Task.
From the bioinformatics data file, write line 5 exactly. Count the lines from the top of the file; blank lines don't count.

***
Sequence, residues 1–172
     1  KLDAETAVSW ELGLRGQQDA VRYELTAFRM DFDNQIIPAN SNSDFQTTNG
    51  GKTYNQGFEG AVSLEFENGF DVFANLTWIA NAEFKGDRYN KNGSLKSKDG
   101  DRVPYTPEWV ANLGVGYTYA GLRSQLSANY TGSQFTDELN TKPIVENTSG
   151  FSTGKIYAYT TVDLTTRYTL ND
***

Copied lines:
   151  FSTGKIYAYT TVDLTTRYTL ND